Yes, All Of This

That Libba Bray, she's right (and hilarious) as usual. This time offering advice on life/career track choices* to a high school senior who wrote her with a question:

What good is it to spend a life doing something you don’t like? That’s not living; that’s marking time. And maybe it’s that from where I sit, I have the benefit of having witnessed the many transformations of various friends, almost none of whom ended up where they thought they would but almost all of whom love where they are. (Quick sidebar: Auto-correct is telling me that last sentence should read: “All of who.” Auto-correct is wrong. “Of” is a preposition; a prepositional phrase demands the objective case. Therefore, “All of whom” is correct, says the daughter of the hardcore English teacher who forced me to use correct grammar. See? I did learn something! This sidebar is just to say, Fiona, that IF EVEN AUTO-CORRECT CAN BE WRONG, who the hell can tell you how to live your life to the fullest? Right. Moving on.) We never stop coming of age. We never stop growing and learning and changing. Hopefully, the road is long and paved with interesting choices and sidebars and unplanned magic and love and loss and joy and frustration. This is all good news, Fiona. Hopeful news. There is a lot you can do with hopeful news.

And another snippet, in case you were thinking of not reading the whole thing:

You asked for my advice, and I don’t want to let you down. I can’t tell you what to do or what would make you happy or whether or not you’ll accomplish all of your dreams or half of them or if your dreams will change over time. Only you can figure that out. Maybe you should travel the world. (Travel broadens your mind and heart.) Learn about other cultures. (It creates understanding and tolerance.) Work to make the world a little more fair in whatever way you can. (The world needs you.) Pursue work which fulfills you even if it means having another job on the side. (Who wants to just mark time?) Be kind when you can and forthright when you need to kick ass. (Benevolent bad-assery. It’s what’s for dinner.) Most importantly, keep learning, growing, reaching. Keep getting to know yourself as much as you can so that you will understand what makes you happy and what doesn’t and know to go about the former and avoid the latter. Being able to make yourself happy is a life skill that we learn as we go along. Live as honestly and authentically as you can because, in the long run, it’s a lot simpler and less anxiety-producing. Really, if you’re going to wipe out and fall on your ass on occasion (also a vital part of your education…along with getting back up), it’s better to fail as yourself than as somebody else.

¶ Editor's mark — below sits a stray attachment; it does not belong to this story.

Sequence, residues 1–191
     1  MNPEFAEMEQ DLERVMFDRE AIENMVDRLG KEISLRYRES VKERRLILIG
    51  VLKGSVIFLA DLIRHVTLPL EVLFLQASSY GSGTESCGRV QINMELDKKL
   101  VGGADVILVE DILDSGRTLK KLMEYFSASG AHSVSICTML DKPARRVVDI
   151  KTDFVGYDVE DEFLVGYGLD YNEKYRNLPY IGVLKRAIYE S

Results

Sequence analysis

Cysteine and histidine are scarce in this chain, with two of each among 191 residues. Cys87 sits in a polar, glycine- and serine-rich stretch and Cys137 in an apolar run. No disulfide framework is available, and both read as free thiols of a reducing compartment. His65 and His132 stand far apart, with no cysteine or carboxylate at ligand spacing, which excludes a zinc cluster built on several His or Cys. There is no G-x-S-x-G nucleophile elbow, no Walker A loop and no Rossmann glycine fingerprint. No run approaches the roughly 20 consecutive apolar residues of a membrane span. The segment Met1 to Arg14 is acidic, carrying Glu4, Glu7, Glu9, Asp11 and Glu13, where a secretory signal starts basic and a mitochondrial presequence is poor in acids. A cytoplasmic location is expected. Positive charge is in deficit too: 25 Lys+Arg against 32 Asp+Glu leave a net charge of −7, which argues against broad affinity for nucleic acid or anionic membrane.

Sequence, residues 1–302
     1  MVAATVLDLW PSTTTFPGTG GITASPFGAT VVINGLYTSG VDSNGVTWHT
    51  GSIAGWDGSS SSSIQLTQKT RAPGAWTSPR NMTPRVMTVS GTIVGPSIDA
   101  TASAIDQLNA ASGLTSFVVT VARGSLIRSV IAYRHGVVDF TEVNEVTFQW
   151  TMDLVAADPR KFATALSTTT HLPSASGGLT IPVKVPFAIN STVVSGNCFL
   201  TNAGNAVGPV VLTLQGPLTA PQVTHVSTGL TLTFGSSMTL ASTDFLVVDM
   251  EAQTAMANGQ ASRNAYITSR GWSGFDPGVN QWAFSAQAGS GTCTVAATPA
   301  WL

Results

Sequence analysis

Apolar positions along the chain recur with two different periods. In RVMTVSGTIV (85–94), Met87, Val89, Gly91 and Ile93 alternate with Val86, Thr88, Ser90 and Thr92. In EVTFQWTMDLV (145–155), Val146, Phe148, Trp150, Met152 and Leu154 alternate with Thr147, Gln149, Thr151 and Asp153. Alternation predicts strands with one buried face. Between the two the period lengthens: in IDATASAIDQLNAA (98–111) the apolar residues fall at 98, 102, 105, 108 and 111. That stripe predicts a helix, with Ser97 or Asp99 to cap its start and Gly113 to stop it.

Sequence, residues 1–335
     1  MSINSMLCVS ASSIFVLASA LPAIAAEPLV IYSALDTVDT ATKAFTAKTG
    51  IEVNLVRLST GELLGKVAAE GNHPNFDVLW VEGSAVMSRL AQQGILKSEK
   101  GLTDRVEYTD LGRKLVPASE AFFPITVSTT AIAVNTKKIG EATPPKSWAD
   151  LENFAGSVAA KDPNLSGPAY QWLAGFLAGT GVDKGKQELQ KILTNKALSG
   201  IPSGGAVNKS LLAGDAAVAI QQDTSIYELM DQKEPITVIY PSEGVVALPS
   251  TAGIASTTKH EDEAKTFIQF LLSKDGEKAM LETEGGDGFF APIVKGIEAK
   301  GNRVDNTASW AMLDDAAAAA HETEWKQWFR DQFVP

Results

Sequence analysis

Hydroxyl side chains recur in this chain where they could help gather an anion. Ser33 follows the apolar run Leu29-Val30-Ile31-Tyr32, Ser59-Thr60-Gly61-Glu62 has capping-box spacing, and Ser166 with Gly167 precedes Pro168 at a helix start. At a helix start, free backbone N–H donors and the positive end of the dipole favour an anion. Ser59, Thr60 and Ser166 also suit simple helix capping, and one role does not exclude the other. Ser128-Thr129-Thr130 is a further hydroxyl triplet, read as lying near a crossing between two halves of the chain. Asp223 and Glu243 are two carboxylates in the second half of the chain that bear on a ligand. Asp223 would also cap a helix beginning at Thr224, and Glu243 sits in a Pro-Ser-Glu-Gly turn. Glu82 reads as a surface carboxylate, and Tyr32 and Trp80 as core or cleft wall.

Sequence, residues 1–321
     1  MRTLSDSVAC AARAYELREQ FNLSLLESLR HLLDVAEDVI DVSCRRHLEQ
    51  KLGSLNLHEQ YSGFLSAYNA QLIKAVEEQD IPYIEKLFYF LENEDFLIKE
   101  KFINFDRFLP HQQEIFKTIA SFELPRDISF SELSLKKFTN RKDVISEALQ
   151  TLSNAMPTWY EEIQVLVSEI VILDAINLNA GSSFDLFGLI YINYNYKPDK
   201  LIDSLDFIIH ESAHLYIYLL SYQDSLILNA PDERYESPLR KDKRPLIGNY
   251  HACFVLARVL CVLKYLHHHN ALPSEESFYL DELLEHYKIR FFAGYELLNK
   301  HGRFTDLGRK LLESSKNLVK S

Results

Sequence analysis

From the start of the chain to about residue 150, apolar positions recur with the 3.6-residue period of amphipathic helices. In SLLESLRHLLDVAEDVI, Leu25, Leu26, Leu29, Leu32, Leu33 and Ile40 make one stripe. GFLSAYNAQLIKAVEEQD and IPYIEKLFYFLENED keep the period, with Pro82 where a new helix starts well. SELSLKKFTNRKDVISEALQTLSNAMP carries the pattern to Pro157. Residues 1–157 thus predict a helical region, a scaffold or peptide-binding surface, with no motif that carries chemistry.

Read the whole thing, regardless of whether you need career advice. It is honest, heartfelt, awesome.

Note: My math portfolio item in high school was an essay about why I didn't like math because it tried to narrow down a question to only one answer. Score.

*After I'd been working for a year or two, I got invited back to my alma mater** (at state school–holla) for a panel to give advice to students on entering the workforce, getting good jobs, etc. I remember distinctly how insane everyone acted when I said, essentially, "Don't make too many plans–you never know what'll happen, and if you have this whole thing you're attached to, then you don't see opportunities. You don't follow the weird choices life puts in your path. Just: Be interesting. Work hard. Remember people's names." There was a whole five-year plan contingent that uproared. But, you know, I stand by this. Especially from that vantage, thinking you know anything about what's going to happen next is more than a little insane. And that doesn't really change: you can never know for sure.***

**When I was invited back to networking day this year to talk about networking, I gave a talk about how I don't believe in networking, that instead I believe in being curious and interested in people. (And, as Libba says, in making friends rather than "connections.") My handouts were from The Onion. They will eventually stop asking me back, I'm sure.

***This doesn't mean don't have goals, obviously. But goals aren't everything. Life is a process, and it can't be just about ticking ticky boxes and checking items off a list. Especially someone else's list.****